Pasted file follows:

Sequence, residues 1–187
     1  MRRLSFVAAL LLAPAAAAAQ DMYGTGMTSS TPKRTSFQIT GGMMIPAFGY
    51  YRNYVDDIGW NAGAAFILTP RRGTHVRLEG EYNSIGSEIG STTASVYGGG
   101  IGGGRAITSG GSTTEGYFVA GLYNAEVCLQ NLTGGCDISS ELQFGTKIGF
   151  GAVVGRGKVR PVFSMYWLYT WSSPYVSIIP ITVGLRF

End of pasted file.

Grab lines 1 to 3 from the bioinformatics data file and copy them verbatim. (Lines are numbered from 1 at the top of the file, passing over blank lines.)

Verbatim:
Sequence, residues 1–187
     1  MRRLSFVAAL LLAPAAAAAQ DMYGTGMTSS TPKRTSFQIT GGMMIPAFGY
    51  YRNYVDDIGW NAGAAFILTP RRGTHVRLEG EYNSIGSEIG STTASVYGGG